key to the solution of the problem
of the British labor movement. The
British labor movement was a puz
zle not only in the period of Marx
and Engels and in the period of the
Second International. It seems to me
that, thanks to Lenin, the Third In
ternational has found the key. Be
fore our eyes a new situation is de
veloping in the British labor meve
ment and the conditions will finally
be created for transforming our Com
munist Party into a mass party. The
circulation of the weekly paper which
our comrades in England have just
begun to issue, has exceeded all our
expectatipns. The young British Com
munist Party is moving forward
apace. It is progressing thanks, first,
to the change in the objective condi
tions of Britain, and second, to the
fact that the British Communists have
adopted the right path, along which
they will proceed to the conquest of
the majority of the British prole
tariat.
(To be continued.) >
A. C. Barrett. Warspite, Alta., Can. 1.00
M. McNiell, Pittsburgh, Pa 5.00
Max Muns (Br. 299 W. C.), Bronx -6.00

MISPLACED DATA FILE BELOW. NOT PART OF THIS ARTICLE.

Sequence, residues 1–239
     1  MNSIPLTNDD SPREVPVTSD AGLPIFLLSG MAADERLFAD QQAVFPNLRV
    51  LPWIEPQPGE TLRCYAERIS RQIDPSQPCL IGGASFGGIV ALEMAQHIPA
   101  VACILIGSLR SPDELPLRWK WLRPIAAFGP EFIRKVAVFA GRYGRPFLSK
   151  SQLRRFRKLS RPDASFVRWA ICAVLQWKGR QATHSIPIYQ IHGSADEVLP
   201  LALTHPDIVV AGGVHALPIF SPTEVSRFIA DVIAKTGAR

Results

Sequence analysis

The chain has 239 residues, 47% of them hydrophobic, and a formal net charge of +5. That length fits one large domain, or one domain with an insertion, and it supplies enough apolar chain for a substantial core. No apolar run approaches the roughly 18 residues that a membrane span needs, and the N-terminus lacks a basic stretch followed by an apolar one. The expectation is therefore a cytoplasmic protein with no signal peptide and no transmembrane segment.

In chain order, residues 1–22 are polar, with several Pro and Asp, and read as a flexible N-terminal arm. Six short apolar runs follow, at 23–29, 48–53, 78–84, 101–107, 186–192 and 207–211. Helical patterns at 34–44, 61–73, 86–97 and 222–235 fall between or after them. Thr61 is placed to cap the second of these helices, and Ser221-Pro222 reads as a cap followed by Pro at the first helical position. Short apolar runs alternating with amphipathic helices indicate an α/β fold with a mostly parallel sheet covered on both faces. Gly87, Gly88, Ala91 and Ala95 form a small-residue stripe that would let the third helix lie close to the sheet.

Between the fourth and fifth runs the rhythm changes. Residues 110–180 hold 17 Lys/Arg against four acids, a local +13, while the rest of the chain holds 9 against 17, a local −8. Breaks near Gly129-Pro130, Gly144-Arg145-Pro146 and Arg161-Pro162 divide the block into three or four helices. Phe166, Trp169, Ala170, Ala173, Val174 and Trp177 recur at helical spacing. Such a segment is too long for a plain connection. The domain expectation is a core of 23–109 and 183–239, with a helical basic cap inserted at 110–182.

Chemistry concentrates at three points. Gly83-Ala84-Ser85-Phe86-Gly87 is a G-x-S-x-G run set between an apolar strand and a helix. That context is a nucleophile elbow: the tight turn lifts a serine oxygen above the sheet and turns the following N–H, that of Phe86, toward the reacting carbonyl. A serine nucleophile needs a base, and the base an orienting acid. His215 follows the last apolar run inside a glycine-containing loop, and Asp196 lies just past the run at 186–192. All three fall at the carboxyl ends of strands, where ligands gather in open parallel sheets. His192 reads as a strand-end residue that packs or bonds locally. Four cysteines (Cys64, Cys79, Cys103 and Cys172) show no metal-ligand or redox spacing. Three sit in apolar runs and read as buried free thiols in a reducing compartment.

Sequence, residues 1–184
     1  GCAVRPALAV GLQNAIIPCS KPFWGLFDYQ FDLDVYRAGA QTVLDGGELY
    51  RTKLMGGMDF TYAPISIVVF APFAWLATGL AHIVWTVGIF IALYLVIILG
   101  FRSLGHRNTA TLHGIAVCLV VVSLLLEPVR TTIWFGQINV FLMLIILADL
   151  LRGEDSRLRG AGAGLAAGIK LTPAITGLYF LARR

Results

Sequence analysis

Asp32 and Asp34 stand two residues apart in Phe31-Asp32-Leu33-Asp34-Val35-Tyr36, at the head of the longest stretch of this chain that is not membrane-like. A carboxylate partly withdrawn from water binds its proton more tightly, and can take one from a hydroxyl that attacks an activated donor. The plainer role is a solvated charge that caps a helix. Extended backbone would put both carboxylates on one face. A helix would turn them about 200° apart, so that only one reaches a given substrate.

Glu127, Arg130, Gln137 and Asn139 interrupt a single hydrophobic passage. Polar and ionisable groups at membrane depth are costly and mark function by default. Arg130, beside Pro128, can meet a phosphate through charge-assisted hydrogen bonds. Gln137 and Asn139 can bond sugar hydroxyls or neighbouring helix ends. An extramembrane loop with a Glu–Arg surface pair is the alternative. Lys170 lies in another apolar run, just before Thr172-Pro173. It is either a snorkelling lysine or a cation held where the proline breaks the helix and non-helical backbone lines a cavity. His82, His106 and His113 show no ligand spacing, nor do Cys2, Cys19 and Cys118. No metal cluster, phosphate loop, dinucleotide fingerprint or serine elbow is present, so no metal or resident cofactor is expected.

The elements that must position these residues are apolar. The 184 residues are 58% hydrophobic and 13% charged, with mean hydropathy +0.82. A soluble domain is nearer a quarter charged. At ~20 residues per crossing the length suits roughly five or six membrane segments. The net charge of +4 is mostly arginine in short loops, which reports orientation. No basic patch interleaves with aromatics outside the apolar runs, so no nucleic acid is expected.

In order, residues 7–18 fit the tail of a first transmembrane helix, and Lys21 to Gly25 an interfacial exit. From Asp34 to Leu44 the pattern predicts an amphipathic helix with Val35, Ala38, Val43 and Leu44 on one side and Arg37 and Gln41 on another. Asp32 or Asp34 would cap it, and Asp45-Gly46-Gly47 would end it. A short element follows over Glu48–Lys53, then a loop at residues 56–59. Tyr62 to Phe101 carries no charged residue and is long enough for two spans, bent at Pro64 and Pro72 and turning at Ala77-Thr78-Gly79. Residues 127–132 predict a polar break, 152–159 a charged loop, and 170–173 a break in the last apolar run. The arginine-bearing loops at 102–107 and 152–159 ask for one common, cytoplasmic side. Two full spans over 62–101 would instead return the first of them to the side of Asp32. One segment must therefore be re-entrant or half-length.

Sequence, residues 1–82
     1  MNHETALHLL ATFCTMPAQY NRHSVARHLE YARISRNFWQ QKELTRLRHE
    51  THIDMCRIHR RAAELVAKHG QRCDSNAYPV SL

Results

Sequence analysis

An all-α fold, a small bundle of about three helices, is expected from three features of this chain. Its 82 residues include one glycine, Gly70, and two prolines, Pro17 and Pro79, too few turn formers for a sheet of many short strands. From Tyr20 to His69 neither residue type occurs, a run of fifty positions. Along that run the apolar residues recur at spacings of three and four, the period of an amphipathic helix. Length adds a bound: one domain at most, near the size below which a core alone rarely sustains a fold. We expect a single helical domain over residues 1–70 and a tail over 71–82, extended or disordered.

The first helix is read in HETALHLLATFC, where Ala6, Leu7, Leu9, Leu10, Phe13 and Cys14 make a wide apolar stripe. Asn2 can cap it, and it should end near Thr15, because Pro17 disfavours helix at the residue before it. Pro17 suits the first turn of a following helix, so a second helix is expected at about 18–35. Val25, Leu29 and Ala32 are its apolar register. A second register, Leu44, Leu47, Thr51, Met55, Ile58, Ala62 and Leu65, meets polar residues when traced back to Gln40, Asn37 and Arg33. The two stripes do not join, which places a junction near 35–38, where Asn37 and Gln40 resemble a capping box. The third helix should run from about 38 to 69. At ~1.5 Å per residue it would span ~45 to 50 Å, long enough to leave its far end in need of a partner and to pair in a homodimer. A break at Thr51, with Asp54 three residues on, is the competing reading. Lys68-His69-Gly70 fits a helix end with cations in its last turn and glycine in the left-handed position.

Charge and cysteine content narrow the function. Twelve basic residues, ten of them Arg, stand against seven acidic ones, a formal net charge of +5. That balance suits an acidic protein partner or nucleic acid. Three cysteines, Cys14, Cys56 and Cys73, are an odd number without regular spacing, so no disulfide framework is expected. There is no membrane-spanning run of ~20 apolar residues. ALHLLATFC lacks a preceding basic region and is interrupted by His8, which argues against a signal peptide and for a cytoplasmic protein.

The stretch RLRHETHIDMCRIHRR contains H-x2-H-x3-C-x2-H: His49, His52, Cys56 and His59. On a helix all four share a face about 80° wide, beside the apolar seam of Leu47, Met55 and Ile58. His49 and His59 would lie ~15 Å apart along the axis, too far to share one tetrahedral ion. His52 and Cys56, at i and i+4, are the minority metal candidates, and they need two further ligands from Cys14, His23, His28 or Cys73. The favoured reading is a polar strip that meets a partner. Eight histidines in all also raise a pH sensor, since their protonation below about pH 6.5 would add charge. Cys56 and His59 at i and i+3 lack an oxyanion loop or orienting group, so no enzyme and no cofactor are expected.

U. B. of Carpenters No. 1588, Miami,
Arizona 10.00
Thomas Dee, New Brunswick, N. J. 3.05
George Sigmund. Eureka, Calif 10.00
A. Planeart, San Francisco, Calif 2.00
J. R. Thursteln, Bethel College, K. 1.00
Fred Skadae, Kloten. N. D 1.00
Rev. J. H. Dooley. New York City 5.00
H. W. Williams, Staten IsWnd. N. Y. 500
J. J. McDougall, Concrete,. Wash 2.00
A. Bacher, Bronx, N. Y 3.00
Joseph Mittelmeier, Chicago, 111 2.00
Edw. H. Smith. Watervliet. N. Y 2.00
H. Hesse, Garfield. N. J 1.00
Myra M. MacDonald, Denver, Colo. 6.00
R. Carvey, W. S. & D. B. Np. 64)
rrovidcnce, R. 1 5.00
Phillip Iseman (P. W. C. U.), Mal
den. Mass : 4.00
Henry H. Sweetland. Brush. Colo.- 2.00
E. Carlson. I-ong Beach, Calif 5.00
John Szepesky, Baltimore, Md 3.15
Abraham Yallis, New York City 1.00
P. Gottlieb (C. Br. W. N 0.261)
New York City 2.00
Irving S. Ott-nberg, New York City 10.00
Anonymous. Washington, D. C 1.00
O. J. Hill. Kansas City, Mo 6.00
Mrs. T. C. Hawley, Lodi. Calif 1.00
W. C. Br. 39 (B. Dugoff) Brooklyn 10.00
D. Flnebaum. New York City 1.00
John Babicek (Czecho Slovak Br.,
W. P.) Binghamton, N. Y 2.00
Edward C. Bennett. Hurrican, W. V. 2.50
Clara Woolie Mayer, New York City 20.00
W. R. McAdam, Brooklyn, N. Y 2.00
Total $722.01
Give your shop mate this copy
of the DAILY WORKER —but be
sure to bee him the next day to
(jet his subscription.
NEGRO CONGRESS
GETS RESULTS IN
BIG STEEL TOWNS

Workers Take Holiday
to Hear Whiteman
(Speolal to The Daily Worker)
YOUNGSTOWN, Ohio. (By Mail).—
Large audiences of Negro and white
workers greeted Lovett Fort-White
man who is touring the Youngstown
sub-districts, speaking in behalf of the
American Negro Labor Congress.
Large audiences irom Wellsville and